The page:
And the way the values are hashed and stored in the search collection, and the way the search query is built, the number of roles you define on a particular content item or folder does not have any impact. What does have more of an impact is the number of roles a particular user may have. These roles automatically get appended to the search query for the user. So the more roles a user belongs to, the longer the query. But this is no different then managing the number of Accounts or Security Groups a particular user has access to because they behave the same way.

Thanks,
-Kyle

Posted by Kyle Hatlestad on December 07, 2012 at 10:36 AM CST #

Hi Kyle,

Thanks for sharing this information.

I have one question regarding ACL. Is it mandatory to set the below mentioned "Additional Configuration Variables:", if I want to use only "Role Access List"

UseEntitySecurity=true
AllowQuerySafeUserColumns=true
SpecialAuthGroups=Public

Also it would be a great help if you can give some more information on "SpecialAuthGroups"
Also is it mandatory to define roles in "ExternalRolesView"

Thanks in advance

Posted by Madhu on January 23, 2013 at 02:54 AM CST #

Hello Madhu,

Yes, those configuration flags are required for Access Control Lists including the Role list. Rather then explain what those configurations are and what they do here in this comment, I suggest you take a look at the documentation that covers Access Control Lists and the Role Access List here: http://docs.oracle.com/cd/E23943_01/doc.1111/e10792/c05_security.htm#CDDBCIDA

All of those configuration values are covered there.
Thanks,
-Kyle

Posted by Kyle Hatlestad on January 23, 2013 at 10:14 AM CST #

Hi Kyle,

Thanks for your inputs.

I would like to know regarding the performance of ACL. Particularly in case of "Role Access List".

I have a scenario where I have to add say like 50 roles to "Roles Access List" for a particular content item with different permissions.
There can be say like 50 to 100 such content items. So will it impact the performance when I use these content items in Webcenter.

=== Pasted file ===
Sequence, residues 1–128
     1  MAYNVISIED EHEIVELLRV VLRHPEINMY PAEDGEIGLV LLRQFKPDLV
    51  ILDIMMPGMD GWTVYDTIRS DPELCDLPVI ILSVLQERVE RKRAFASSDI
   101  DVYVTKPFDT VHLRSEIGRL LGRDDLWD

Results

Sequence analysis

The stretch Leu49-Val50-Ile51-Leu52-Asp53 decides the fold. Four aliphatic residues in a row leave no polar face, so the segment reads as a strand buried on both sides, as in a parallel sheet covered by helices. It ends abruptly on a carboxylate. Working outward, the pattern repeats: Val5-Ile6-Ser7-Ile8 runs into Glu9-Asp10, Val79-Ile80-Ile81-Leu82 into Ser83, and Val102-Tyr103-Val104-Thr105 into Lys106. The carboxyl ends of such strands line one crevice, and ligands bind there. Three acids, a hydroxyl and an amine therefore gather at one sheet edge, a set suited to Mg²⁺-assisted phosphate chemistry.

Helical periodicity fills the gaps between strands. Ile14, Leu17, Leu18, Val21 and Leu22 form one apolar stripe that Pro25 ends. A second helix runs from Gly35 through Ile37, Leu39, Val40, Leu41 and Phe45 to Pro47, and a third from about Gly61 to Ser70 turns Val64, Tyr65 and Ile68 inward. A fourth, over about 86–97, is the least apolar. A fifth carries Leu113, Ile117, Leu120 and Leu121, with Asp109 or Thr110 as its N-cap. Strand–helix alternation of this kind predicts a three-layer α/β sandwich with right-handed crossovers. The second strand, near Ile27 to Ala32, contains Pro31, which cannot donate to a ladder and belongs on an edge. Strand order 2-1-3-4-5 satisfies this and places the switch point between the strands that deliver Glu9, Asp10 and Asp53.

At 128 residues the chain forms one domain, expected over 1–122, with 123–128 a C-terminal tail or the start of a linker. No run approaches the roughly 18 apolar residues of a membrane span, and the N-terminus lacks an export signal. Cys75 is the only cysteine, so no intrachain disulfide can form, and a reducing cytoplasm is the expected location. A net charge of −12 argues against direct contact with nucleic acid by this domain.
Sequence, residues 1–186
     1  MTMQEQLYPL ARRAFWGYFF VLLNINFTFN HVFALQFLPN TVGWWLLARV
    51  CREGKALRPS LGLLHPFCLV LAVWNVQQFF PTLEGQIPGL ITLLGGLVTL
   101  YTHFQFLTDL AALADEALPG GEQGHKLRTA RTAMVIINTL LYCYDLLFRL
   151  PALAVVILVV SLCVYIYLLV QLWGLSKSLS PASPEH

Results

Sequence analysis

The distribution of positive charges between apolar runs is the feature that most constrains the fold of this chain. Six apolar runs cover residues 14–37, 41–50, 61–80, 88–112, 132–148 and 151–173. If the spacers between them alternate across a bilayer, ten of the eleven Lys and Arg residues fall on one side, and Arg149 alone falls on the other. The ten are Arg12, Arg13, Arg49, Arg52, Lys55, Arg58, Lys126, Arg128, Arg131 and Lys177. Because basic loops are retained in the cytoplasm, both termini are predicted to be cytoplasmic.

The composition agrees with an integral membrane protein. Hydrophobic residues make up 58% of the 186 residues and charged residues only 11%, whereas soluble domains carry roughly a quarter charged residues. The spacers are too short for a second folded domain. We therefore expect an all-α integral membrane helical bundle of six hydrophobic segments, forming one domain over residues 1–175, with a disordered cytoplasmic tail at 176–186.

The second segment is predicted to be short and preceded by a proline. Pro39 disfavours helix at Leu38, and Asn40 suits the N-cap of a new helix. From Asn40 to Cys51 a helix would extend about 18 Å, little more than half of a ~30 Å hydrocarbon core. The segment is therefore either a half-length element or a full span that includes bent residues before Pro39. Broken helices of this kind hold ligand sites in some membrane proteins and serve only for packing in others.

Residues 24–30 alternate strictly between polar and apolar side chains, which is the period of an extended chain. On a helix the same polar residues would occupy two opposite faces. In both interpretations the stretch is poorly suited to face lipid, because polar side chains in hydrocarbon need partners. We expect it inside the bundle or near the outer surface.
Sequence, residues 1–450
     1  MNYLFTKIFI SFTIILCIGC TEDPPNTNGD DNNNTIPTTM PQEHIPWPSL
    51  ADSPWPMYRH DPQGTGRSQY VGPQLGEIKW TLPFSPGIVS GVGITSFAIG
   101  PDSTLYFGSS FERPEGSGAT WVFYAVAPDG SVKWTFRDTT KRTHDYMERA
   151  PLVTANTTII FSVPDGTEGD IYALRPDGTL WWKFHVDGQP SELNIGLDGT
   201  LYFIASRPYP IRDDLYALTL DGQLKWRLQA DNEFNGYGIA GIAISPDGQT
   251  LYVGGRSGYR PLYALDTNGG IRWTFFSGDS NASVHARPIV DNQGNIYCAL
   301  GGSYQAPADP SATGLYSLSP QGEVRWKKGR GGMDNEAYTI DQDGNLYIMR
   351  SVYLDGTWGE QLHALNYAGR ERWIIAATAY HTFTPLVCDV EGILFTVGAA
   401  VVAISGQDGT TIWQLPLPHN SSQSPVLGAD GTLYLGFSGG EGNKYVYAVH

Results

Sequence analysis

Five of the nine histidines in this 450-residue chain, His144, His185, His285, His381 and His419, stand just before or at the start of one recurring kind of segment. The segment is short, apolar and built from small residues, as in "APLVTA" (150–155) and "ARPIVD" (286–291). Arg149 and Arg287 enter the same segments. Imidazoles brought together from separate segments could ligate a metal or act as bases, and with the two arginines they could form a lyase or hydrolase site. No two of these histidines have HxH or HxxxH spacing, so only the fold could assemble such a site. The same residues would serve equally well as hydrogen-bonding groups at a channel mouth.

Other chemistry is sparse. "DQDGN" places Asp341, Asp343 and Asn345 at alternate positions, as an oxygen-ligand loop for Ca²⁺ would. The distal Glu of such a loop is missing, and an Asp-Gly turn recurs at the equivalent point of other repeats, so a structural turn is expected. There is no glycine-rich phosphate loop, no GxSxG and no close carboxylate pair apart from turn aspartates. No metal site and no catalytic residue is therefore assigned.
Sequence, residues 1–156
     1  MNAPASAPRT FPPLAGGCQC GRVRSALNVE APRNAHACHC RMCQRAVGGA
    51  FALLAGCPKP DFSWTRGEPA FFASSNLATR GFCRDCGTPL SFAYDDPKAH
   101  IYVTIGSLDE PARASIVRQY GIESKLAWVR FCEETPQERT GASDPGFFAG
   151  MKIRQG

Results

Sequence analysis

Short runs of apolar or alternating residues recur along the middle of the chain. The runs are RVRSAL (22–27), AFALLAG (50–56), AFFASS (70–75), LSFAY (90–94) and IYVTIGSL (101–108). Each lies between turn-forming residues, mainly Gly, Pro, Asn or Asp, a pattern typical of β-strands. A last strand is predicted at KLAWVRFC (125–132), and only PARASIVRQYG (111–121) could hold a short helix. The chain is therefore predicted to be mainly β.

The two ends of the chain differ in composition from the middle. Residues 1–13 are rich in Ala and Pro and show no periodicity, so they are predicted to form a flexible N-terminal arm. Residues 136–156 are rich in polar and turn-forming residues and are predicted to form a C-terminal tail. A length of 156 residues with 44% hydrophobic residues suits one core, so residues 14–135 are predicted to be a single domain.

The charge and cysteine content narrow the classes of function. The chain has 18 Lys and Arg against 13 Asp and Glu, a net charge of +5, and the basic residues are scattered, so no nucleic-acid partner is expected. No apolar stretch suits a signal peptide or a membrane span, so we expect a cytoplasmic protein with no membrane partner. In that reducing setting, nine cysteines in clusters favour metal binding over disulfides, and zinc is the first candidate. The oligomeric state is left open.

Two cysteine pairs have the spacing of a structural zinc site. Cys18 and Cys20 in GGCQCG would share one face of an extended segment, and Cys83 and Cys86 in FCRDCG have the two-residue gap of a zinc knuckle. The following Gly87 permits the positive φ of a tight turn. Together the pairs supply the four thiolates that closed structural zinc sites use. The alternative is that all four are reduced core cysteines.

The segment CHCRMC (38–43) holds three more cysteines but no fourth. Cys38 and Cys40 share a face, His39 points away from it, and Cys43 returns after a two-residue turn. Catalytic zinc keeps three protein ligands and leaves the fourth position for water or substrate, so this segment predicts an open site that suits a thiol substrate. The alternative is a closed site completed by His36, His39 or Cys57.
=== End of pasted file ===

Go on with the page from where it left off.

Also is it a good practice to use say like 50+ roles in "Role Access List".

Thanks in advance

Posted by Madhu on January 25, 2013 at 03:34 AM CST #

Hello Madhu,

Please take a look at the comment above in which I describe how entity security, including the Role Access List, can have an impact on performance. It's not so much a matter of how many roles are defined on a particular item. But more a factor of how many roles a particular user may have. The roles a user has will get appended upon queries which is what can have an impact.

Every implementation and use-case is different, so it's hard to make a blanket statement on what kind of impact it will make. It's best to set up a testing scenario with your particular use-case and environment in mind and run some test with and without the entity security to gauge the outcome.

Thanks,
-Kyle

Posted by Kyle Hatlestad on January 29, 2013 at 10:24 AM CST #

Hi Kyle,
in answer to Sunils question about the impact of ACLs on performance you said that "...What does have more of an impact is the number of roles a particular user may have...". Does that mean direct user ACLs have less impact on (query) performance than role ACLs?
Do you think it is still feasible to use ACLs when there is about thousends users and about million documents - say I will assign ACL to every document? Or will ACLs in this case completly kill the query performance?
Thanks
Marian

Posted by Marian on March 27, 2013 at 09:48 AM CDT #

Hey Kyle,
I wanted to get the list of User roles and the group he belongs programatically in my filter.

I got the subject as :

Subject subject = Security.getCurrentSubject();
Set<Principal> prin=subject.getPrincipals();

It contains only user group not his role list. How to get them?

Posted by guest on April 03, 2013 at 03:50 AM CDT #

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About

Kyle Hatlestad is a Solution Architect in the WebCenter Architecture group (A-Team) who works with WebCenter Content and other products in the WebCenter & Fusion Middleware portfolios. The WebCenter A-Team blog can be found at: https://blogs.oracle.com/ ateam_webcenter/